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Religious Adherents, 2010 (World Christian Database)1

Taiwan Eastern Asia World
Baha'i <0.1% <0.1% 0.1%
Buddhist 26.5% 19.0% 7.2%
Chinese Universalist 43.1% 26.8% 6.3%
Christian 6.0% 8.1% 32.8%
Confucianist 0.0% 0.4% 0.1%
Ethnoreligionist 0.3% 4.4% 3.5%
Hindu <0.1% <0.1% 13.8%
Jain 0.0% <0.1% <0.1%
Jewish <0.1% <0.1% 0.2%
Muslim 0.4% 1.4% 22.5%
Shintoist 0.0% 0.2% <0.1%
Sikh 0.0% <0.1% 0.3%
Spiritist 0.0% <0.1% 0.2%
Taoist 12.6% 0.5% 0.1%
Zoroastrian 0.0% <0.1% <0.1%
Neoreligionists 6.7% 2.8% 0.9%
Atheist 0.2% 6.7% 2.0%
Agnostic 4.2% 29.7% 9.8%

Religious Demography2

Taiwan has an area of 13,800 square miles and a population of 23 million. According to the 2006 Government Information Office Yearbook, the Religious Affairs Section of the Ministry of the Interior (MOI) estimated that 35 percent of the population consider themselves Buddhist and 33 percent Taoist. While the overwhelming majority of religious adherents are either Buddhist or Taoist, many also consider themselves both Buddhist and Taoist.

In addition to organized religions, many persons also believe in traditional Chinese folk religions, which include some aspects of shamanism, ancestor worship, and animism. Researchers and academics estimate that as much as 80 percent of the population believes in some form of traditional folk religion. Such folk religions may overlap with an individual's belief in Buddhism, Taoism, Confucianism, or other traditional Chinese religions.

Traditional Chinese religions with adherents constituting less than 5 percent of the population include: I Kuan Tao, Tien Ti Chiao (Heaven Emperor Religion), Tien Te Chiao (Heaven Virtue Religion), Li-ism, Hsuan Yuan Chiao (Yellow Emperor Religion), Tian Li Chiao (Tenrikyo), Universe Maitreya Emperor Religion, Hai Tze Tao, Zhonghua Sheng Chiao (Chinese Holy Religion), Da Yi Chiao (Great Changes Religion), Pre-cosmic Salvationism, and Huang Chung Chiao (Yellow Middle Religion).

There also may be an overlap between practitioners of Buddhism, Taoism, and other traditional Chinese religions with those of Falun Gong, which is registered as a civic, rather than a religious, organization. According to an academic source, Falun Gong membership exceeds 600,000 and continues to grow.

Small percentages of the population consider themselves Protestant, Roman Catholic, or Sunni Muslim. The Church of Scientology, the Baha'I Faith, the Jehovah's Witnesses, the Mahikari Religion, the Church of Jesus Christ of Latter-day Saints (Mormons), and the Unification Church are registered. Other Christian denominations present include Presbyterians, the True Jesus Church, Baptists, Lutherans, Seventh-day Adventists, and Episcopalians. Approximately 70 percent of the indigenous population of 484,000 Aborigines is Christian. There are also a small number of adherents of Judaism, although they are predominately expatriates.

While the authorities do not collect or independently verify statistics on religious affiliation, they maintain registration statistics reported voluntarily by religious organizations. The MOI Religious Affairs Section believes that these statistics significantly understate the number of religious believers. The MOI Religious Affairs Section estimates that approximately 50 percent of the population regularly participates in some form of organized religious practice, as distinguished from activities connected with traditional Chinese folk religions.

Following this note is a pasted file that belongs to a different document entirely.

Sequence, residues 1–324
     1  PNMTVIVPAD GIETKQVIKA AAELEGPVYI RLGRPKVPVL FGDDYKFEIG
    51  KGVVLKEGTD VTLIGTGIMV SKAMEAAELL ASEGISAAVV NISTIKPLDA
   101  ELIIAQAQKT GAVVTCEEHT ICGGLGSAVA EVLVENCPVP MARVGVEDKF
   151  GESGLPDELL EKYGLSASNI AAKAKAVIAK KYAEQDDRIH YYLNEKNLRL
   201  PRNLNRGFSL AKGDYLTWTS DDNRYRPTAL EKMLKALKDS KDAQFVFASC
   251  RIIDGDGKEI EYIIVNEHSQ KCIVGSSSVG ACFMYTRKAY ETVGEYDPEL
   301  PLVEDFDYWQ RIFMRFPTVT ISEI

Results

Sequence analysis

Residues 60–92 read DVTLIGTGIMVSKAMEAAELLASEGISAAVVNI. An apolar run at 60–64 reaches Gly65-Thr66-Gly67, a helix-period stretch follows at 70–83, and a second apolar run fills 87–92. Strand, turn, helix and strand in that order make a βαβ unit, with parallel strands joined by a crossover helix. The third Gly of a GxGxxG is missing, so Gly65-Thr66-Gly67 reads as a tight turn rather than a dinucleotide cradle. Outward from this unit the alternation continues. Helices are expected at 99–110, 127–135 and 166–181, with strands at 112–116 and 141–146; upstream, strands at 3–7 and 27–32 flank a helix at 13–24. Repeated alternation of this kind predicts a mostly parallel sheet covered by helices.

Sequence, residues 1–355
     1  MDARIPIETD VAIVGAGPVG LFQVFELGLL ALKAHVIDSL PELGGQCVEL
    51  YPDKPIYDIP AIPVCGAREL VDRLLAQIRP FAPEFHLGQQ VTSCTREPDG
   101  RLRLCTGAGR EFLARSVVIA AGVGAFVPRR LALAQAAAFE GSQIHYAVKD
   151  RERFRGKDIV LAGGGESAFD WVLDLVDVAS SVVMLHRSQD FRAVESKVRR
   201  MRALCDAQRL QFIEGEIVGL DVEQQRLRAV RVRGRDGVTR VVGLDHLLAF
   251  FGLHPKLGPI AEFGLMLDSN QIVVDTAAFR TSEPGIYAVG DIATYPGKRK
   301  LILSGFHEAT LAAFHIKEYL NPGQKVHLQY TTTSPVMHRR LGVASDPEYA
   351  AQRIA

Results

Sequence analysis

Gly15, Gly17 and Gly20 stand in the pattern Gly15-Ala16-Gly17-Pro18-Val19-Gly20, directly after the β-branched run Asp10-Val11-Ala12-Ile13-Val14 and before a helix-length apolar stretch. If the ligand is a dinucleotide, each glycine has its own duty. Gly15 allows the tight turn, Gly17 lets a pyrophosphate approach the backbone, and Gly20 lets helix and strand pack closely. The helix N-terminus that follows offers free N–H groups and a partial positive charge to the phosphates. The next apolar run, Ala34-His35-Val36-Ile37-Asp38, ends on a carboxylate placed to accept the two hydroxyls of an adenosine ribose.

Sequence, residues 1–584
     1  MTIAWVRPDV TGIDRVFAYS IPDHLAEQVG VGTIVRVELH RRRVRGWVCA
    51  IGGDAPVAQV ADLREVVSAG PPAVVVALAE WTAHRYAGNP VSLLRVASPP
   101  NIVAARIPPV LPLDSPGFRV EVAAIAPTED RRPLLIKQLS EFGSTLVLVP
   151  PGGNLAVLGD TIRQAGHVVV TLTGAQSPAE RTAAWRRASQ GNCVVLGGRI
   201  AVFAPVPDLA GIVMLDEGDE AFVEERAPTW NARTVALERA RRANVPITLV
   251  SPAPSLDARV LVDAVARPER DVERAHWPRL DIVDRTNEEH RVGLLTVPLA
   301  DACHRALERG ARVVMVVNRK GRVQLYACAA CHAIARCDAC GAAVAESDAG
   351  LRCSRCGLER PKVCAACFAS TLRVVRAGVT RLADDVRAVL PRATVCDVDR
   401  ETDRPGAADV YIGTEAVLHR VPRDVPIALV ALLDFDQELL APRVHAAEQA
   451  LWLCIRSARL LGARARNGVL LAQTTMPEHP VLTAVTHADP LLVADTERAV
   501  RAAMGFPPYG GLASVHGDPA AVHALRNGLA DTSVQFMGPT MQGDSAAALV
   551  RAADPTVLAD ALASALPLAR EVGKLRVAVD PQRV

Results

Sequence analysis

Religious beliefs cross political and geographical lines. Members of the political leadership practice a variety of faiths.



Note: The World Christian Database (WCD) estimates, used in the Religious Adherents section above, count each person as belonging to a maximum of one religious group. For more information, see the WCD methodology document. The U.S. State Department's International Religious Freedom report estimates, used in the Religious Demography section, use less restrictive criteria in which a person who identifies with more than one religion is classified as a follower of each. In certain cases (such as Japan and other nations with strong folk religion traditions), this can cause counts to vary widely between estimates. Users are advised to consult the relevant source documents before determining which counts to cite.

1.  The World Christian Database (WCD) is based on the 2600-page award-winning World Christian Encyclopedia and World Christian Trends, first published in 1982 and revised in 2001. This extensive work on World religion is now completely updated and integrated into the WCD online database. Designed for both the casual user and research scholar, information is readily available on religious activities, growth rates, religious literature, worker activity, and demographic statistics. Additional secular data is incorporated on population, health, education, and communications. A dataset with these and the other international measures highlighted on the country pages can be downloaded from this website. Used with permission.

2.  The U.S. State Department's International Religious Freedom Report is submitted to Congress annually by the Department of State in compliance with Section 102(b) of the International Religious Freedom Act (IRFA) of 1998. This report supplements the most recent Human Rights Reports by providing additional detailed information with respect to matters involving international religious freedom. It includes individual country chapters on the status of religious freedom worldwide. A dataset with these and the other international measures highlighted on the country pages can be downloaded from this website. These State Department reports are open source.

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